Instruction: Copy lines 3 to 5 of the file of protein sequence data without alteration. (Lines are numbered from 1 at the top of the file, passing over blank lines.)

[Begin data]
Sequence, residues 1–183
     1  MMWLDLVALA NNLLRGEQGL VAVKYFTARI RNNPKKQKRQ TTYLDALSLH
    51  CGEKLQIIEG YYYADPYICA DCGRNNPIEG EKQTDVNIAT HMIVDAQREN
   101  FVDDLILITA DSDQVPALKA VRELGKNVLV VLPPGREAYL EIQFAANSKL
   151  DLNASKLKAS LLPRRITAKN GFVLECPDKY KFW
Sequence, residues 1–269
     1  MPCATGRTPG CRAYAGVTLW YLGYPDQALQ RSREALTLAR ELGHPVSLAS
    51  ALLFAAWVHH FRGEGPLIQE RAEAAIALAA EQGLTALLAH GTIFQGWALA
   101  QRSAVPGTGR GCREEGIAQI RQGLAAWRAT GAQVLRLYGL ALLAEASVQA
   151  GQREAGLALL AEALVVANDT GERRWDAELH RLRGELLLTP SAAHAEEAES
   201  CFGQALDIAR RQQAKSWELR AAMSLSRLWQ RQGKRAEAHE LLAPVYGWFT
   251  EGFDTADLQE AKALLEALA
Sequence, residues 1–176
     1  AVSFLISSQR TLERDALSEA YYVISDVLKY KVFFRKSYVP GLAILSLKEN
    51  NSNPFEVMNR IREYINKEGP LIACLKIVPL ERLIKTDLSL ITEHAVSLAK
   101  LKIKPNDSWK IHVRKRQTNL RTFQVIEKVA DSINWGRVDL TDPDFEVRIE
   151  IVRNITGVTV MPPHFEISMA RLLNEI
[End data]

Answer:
    51  CGEKLQIIEG YYYADPYICA DCGRNNPIEG EKQTDVNIAT HMIVDAQREN
   101  FVDDLILITA DSDQVPALKA VRELGKNVLV VLPPGREAYL EIQFAANSKL
   151  DLNASKLKAS LLPRRITAKN GFVLECPDKY KFW